Afghan Muslim arrested for murder that rocked New Mexico’s Islamic community

By Andrew Hay and Steve Gorman

ALBUQUERQUE, NM (Reuters) – A Muslim immigrant from Afghanistan has been arrested as the prime suspect in the serial killings of four Muslim men that rocked the Islamic community in New Mexico’s largest city, police said on Tuesday.

After days of beefing up security around Albuquerque-area mosques in an effort to quell fears of a shooter fueled by anti-Muslim hatred, police said Tuesday they had arrested 51-year-old Muhammad Syed, one of the city’s Muslim immigrant community.

Authorities said the killings may have been rooted in a personal grudge, possibly with intra-Muslim sectarian undertones.

All four victims were of Afghan or Pakistani descent. One was killed in November, and the other three in the last two weeks.

A search of the suspect’s home in Albuquerque uncovered “evidence indicating that the offender knew the victims to some degree and an interpersonal conflict may have led to the shootings,” police said in a statement announcing the arrest.

Investigators are still working to piece together a motive for the murders of the four men, Albuquerque Police Department Deputy Chief Kyle Hartsock said at a news conference.

In response to reporters’ questions, Hartsock said sectarian animus by the suspect toward his fellow Muslim victims may have played a role in the violence. “But we’re not entirely clear if that was the actual subject, or if it was part of a subject, or if it’s just a bigger picture that we’re missing,” he said.

Syed has a record of criminal misdemeanors in the United States, including a case of domestic violence, in the past three or four years, Hartsock said.

Police credited a series of tips from the public with helping investigators find a car that investigators believed was used in at least one of the murders, and eventually tracking down the man they called their “prime suspect” in all four murders.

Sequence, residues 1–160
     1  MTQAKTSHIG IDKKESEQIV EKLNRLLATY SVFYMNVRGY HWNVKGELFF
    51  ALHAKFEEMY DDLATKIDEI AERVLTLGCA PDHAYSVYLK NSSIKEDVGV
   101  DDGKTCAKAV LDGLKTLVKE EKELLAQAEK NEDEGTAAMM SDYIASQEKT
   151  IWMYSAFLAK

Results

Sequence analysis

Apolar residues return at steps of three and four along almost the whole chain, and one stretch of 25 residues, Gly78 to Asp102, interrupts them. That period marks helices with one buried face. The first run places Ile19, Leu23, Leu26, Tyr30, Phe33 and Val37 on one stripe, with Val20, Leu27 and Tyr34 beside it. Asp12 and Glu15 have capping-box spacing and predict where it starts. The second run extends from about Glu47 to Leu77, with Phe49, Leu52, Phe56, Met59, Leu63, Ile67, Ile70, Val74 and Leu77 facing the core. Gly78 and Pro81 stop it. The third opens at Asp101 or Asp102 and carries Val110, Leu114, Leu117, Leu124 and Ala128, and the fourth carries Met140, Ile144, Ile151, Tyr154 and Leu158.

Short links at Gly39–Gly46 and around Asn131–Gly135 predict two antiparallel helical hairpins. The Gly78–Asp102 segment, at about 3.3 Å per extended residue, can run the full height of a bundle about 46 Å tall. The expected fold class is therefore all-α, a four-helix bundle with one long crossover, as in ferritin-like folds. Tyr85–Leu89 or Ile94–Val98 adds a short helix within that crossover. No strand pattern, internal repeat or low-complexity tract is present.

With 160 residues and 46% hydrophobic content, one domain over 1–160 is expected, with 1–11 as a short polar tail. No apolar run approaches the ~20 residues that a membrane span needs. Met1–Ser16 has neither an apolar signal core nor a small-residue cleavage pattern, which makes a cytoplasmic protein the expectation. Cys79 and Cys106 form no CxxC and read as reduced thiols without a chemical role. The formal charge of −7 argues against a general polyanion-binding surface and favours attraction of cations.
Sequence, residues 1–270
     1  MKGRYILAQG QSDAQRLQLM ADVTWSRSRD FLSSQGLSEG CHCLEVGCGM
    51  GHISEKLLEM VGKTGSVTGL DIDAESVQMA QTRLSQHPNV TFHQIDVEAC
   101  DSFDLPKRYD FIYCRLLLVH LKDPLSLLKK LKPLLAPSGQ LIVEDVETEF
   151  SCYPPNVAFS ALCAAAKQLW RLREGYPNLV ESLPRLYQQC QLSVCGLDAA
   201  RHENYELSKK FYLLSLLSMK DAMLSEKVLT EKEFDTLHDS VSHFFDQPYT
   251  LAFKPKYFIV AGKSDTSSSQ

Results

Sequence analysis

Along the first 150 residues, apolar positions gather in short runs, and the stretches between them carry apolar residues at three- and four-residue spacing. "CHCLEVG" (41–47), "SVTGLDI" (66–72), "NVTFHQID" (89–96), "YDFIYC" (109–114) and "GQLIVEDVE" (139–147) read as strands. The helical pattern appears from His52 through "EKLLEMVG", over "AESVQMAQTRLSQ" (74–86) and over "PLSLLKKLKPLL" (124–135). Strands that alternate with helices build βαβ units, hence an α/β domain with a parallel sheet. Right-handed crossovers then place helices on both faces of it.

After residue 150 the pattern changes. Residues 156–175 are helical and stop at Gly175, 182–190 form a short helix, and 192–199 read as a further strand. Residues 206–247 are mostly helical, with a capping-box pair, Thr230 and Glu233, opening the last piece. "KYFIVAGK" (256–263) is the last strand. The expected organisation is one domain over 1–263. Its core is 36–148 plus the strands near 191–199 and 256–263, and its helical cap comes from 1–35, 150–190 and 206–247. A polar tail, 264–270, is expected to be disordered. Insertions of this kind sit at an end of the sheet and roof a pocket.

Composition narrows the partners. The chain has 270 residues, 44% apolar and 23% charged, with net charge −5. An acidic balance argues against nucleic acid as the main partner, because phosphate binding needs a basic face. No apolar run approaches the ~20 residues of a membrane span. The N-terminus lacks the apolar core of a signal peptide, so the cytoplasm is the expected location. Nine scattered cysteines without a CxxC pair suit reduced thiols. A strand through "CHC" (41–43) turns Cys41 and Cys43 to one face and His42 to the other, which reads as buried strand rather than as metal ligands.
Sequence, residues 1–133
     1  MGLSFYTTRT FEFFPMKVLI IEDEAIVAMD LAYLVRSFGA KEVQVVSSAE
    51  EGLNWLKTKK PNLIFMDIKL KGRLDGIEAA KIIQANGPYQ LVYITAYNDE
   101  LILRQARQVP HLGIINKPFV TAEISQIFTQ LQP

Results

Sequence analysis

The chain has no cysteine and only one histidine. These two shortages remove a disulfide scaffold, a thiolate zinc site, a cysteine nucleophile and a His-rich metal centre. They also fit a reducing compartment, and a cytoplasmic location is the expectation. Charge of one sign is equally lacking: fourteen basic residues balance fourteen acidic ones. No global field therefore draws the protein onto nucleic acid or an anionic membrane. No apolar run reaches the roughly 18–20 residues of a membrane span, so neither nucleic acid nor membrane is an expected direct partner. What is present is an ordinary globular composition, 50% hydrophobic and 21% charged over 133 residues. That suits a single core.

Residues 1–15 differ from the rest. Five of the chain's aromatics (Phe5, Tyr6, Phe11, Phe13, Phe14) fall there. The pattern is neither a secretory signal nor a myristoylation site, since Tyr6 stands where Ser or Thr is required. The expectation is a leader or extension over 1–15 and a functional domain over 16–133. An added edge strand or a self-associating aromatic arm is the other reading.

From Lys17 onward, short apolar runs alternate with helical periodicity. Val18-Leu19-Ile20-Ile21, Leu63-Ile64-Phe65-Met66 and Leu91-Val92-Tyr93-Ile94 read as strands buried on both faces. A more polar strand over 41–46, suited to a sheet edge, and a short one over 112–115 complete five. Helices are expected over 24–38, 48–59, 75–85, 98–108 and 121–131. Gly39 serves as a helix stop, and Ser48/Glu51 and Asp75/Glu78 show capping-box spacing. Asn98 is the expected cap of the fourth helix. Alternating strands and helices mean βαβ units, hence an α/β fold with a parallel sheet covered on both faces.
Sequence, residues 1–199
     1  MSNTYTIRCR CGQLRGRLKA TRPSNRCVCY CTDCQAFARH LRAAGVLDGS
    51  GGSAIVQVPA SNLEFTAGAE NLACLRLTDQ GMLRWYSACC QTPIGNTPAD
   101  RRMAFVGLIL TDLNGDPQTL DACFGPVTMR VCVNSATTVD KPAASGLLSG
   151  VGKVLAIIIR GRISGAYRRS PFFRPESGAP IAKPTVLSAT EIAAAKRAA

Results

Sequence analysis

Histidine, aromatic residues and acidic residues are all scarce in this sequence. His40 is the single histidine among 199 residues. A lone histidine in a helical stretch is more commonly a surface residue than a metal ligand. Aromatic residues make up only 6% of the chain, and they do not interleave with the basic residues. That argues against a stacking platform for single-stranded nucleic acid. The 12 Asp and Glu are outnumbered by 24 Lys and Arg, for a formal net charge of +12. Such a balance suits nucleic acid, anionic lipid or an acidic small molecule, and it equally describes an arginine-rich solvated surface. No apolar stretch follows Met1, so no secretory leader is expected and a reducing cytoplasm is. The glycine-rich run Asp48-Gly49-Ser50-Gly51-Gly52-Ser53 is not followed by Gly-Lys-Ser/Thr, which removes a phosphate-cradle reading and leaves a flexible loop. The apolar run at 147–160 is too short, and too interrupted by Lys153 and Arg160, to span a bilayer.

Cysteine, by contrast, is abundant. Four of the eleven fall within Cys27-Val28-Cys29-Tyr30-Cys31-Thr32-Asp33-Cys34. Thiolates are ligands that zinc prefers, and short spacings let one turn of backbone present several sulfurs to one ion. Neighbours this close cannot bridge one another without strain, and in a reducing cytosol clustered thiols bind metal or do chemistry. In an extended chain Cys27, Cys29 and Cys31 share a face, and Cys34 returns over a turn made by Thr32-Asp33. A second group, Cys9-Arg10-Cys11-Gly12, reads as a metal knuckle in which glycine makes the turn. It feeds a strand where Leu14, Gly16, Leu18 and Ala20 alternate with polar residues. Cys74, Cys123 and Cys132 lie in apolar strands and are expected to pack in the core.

Syed was formally charged with two of the murders: those of Aftab Hussein, 41, and Muhammed Afzaal Hussain, 27, killed on July 26 and Aug. 1, respectively, Albuquerque Police Chief Harold Medina told the briefing.

The latest victim, Nayeem Hussain, 25, a truck driver who became a US citizen on July 8, was killed on Friday, hours after he attended the funerals of the two men killed in July and August, both of Pakistani descent.

The last three victims all attended the Islamic Center of New Mexico, Albuquerque’s largest mosque. They were all shot near Central Avenue in southeast Albuquerque.

The first known victim, Mohammad Ahmadi, 62, a native of Afghanistan, was killed on November 7, 2021, while smoking a cigarette outside a grocery store and cafe he ran with his brother in the southeastern part of the city.


Police said the two murders Syed was originally charged with were tied together based on bullet casings found at the two murder scenes, and the gun used in those shootings was later found in his home.

According to police, investigators were preparing to search Syed’s residence in southeast Albuquerque on Monday when he drove from the residence in the car that investigators had identified to the public a day earlier as a “vehicle of interest.”

Albuquerque and state authorities have worked to provide extra police presence at mosques during times of prayer while the investigation continued in the city, home to as many as 5,000 Muslims out of a total population of 565,000.

The ambush-style shooting of the men has alarmed Albuquerque’s Muslim community. Families went into hiding in their homes, and some Pakistani students at the University of New Mexico left town out of fear.

Imtiaz Hussain, whose brother worked as a city planning director and was killed on August 1, said news of the arrest reassured many in the Muslim community.

“My children asked me, ‘Can we sit on our balcony now?’ and I said, ‘Yes,’ and they said, ‘Can we go out and play now?’ and I said, ‘Yes,'” he said.

(Reporting by Andrew Hay in Albuquerque, New Mexico and Steve Gorman in Los Angeles; Additional reporting by Rami Ayyub in Washington; Tyler Clifford in New York and Dan Whitcomb in Los Angeles; Editing by Jonathan Oatis, Cynthia Osterman, Daniel Wallis and Raju Gopalakrishnan )

Leave a Reply

Your email address will not be published.